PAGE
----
Subject(s)
Antibodies, Monoclonal/immunology , Antibodies, Neutralizing/immunology , Antibodies, Viral/immunology , Coronavirus OC43, Human/immunology , Neutralization Tests/methods , Spike Glycoprotein, Coronavirus/immunology , Cell Line , Common Cold/immunology , Common Cold/pathology , Common Cold/virology , Coronavirus Infections/immunology , Coronavirus Infections/pathology , Coronavirus Infections/virology , Enzyme-Linked Immunosorbent Assay/methods , Humans
11.
J Clin Invest ; 131(3)2021 02 01.
Article in English | MEDLINE | ID: covidwho-1124908

ABSTRACT

BACKGROUNDSARS-CoV-2-specific antibodies may protect from reinfection and disease, providing rationale for administration of plasma containing SARS-CoV-2-neutralizing antibodies (nAbs) as a treatment for COVID-19. Clinical factors and laboratory assays to streamline plasma donor selection, and the durability of nAb responses, are incompletely understood.METHODSPotential convalescent plasma donors with virologically documented SARS-CoV-2 infection were tested for serum IgG against SARS-CoV-2 spike protein S1 domain and against nucleoprotein (NP), and for nAb.RESULTSAmong 250 consecutive persons, including 27 (11%) requiring hospitalization, who were studied a median of 67 days since symptom onset, 97% were seropositive on 1 or more assays. Sixty percent of donors had nAb titers ≥1:80. Correlates of higher nAb titers included older age (adjusted OR [AOR] 1.03 per year of age, 95% CI 1.00-1.06), male sex (AOR 2.08, 95% CI 1.13-3.82), fever during illness (AOR 2.73, 95% CI 1.25-5.97), and disease severity represented by hospitalization (AOR 6.59, 95% CI 1.32-32.96). Receiver operating characteristic analyses of anti-S1 and anti-NP antibody results yielded cutoffs that corresponded well with nAb titers, with the anti-S1 assay being slightly more predictive. nAb titers declined in 37 of 41 paired specimens collected a median of 98 days (range 77-120) apart (P < 0.001). Seven individuals (2.8%) were persistently seronegative and lacked T cell responses.CONCLUSIONnAb titers correlated with COVID-19 severity, age, and sex. SARS-CoV-2 IgG results can serve as useful surrogates for nAb testing. Functional nAb levels declined, and a small proportion of convalescent individuals lacked adaptive immune responses.FUNDINGThe project was supported by the Frederick National Laboratory for Cancer Research with support from the NIAID under contract number 75N91019D00024, and was supported by the Fred Hutchinson Joel Meyers Endowment, Fast-Grants, a New Investigator award from the American Society for Transplantation and Cellular Therapy, and NIH contracts 75N93019C0063, 75N91019D00024, and HHSN272201800013C, and NIH grants T32-AI118690, T32-AI007044, K08-AI119142, and K23-AI140918.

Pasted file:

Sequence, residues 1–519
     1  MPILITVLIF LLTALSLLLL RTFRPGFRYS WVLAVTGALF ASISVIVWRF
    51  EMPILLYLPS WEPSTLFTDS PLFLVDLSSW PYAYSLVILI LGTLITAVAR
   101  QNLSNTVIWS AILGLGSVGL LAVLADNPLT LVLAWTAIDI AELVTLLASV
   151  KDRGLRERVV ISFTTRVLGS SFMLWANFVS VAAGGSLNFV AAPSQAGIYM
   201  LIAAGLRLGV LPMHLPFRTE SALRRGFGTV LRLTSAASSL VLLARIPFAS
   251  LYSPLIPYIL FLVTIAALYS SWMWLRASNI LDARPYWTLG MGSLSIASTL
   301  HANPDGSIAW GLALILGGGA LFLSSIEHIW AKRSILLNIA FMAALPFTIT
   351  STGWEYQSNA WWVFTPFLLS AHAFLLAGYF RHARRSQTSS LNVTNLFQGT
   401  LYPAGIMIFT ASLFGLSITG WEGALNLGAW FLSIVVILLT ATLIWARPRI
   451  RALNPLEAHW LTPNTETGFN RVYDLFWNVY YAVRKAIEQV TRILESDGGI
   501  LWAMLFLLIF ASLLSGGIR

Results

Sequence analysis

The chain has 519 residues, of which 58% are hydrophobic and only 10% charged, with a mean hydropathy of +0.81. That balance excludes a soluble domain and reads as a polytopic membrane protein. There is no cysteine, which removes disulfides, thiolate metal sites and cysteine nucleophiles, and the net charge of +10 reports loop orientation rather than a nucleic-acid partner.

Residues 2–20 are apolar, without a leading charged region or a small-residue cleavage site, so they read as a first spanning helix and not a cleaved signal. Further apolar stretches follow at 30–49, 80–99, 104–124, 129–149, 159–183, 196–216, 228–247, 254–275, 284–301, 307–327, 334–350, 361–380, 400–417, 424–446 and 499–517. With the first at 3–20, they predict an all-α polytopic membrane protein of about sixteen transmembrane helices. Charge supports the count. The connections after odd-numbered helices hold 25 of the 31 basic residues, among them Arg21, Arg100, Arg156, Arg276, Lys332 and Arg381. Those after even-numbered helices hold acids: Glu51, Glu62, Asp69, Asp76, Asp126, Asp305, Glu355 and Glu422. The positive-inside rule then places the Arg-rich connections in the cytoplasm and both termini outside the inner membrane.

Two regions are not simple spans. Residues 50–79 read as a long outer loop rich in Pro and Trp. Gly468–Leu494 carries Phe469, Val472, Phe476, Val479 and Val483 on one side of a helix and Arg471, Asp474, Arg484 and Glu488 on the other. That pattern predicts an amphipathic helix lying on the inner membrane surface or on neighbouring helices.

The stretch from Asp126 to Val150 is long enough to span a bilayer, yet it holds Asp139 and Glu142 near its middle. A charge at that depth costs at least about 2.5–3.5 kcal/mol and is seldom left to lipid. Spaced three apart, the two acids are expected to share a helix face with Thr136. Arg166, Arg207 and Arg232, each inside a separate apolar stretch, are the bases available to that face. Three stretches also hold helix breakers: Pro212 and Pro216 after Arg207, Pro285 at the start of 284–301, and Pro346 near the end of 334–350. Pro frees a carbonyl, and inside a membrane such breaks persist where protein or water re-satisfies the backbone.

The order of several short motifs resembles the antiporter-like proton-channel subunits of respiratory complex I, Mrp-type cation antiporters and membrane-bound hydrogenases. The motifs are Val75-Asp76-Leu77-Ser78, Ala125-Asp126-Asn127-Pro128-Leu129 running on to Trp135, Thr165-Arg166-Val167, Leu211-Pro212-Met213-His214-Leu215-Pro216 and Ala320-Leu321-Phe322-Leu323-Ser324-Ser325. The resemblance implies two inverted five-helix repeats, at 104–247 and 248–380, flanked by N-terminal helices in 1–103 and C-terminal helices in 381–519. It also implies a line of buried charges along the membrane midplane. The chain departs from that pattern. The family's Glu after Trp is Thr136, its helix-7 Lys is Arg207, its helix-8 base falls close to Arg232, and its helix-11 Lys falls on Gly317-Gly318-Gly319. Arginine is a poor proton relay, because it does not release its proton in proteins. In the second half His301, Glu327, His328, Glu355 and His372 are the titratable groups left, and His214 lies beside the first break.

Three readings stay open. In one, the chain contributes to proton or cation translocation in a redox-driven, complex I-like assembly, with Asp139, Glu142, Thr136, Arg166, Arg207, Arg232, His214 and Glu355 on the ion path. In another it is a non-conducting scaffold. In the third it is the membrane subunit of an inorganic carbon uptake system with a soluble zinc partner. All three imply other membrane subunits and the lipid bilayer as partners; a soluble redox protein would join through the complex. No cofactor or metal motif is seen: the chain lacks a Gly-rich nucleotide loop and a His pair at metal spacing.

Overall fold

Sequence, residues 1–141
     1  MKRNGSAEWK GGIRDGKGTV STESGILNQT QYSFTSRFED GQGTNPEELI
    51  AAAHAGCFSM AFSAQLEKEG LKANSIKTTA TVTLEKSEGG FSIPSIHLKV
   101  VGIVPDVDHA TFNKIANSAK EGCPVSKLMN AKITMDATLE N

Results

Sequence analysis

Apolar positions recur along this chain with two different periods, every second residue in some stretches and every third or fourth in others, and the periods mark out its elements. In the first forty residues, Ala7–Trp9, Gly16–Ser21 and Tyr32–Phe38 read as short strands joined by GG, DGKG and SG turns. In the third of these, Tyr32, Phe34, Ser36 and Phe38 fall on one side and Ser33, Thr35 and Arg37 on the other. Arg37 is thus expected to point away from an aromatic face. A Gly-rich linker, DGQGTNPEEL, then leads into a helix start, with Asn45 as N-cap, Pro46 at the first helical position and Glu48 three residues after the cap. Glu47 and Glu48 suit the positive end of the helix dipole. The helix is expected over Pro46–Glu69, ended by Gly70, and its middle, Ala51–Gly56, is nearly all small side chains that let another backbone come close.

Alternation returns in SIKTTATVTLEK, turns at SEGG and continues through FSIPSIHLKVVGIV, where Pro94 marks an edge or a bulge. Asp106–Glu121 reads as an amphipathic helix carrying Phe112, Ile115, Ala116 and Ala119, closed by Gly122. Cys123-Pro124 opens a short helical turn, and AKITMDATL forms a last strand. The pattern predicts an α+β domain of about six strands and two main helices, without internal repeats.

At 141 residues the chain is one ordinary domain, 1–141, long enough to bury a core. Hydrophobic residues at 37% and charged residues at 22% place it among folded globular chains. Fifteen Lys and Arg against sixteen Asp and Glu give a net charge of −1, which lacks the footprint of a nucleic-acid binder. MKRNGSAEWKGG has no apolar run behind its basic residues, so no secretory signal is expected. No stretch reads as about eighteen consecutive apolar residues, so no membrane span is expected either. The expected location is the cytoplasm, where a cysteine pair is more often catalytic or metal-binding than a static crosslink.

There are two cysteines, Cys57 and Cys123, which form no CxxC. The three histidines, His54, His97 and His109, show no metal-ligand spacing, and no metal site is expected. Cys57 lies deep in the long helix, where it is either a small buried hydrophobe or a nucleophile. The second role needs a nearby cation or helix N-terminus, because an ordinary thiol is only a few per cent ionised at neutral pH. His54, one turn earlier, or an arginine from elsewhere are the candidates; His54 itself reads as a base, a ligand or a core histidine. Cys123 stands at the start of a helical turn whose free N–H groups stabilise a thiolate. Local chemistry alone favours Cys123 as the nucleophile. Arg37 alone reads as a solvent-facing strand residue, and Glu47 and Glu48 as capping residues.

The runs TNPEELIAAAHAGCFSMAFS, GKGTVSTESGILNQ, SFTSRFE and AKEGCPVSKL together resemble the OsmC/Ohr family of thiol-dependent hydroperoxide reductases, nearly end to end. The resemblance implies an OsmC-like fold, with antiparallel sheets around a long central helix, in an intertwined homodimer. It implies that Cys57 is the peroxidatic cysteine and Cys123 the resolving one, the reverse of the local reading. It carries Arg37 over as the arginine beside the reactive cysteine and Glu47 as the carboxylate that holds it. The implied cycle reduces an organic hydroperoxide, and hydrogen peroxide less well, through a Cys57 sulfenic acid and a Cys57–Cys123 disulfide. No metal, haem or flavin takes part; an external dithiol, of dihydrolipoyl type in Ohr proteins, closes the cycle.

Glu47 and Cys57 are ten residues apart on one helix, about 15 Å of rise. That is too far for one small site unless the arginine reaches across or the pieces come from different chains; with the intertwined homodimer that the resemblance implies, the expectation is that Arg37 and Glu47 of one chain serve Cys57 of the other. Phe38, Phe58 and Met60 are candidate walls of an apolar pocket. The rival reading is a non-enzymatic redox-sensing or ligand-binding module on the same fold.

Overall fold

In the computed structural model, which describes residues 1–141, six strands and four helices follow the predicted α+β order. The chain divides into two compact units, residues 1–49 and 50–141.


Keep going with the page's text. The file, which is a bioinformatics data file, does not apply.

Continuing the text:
Subject(s)
Antibodies, Neutralizing , Antibodies, Viral , Blood Donors , COVID-19/therapy , Immunoglobulin G , SARS-CoV-2 , Adult , Aged , Aged, 80 and over , Antibodies, Neutralizing/blood , Antibodies, Neutralizing/immunology , Antibodies, Viral/blood , Antibodies, Viral/immunology , COVID-19/blood , COVID-19/immunology , Female , Humans , Immunization, Passive , Immunoglobulin G/blood , Immunoglobulin G/immunology , Male , Middle Aged , SARS-CoV-2/immunology , SARS-CoV-2/metabolism
12.
Sci Rep ; 11(1): 4290, 2021 02 22.
Article in English | MEDLINE | ID: covidwho-1096333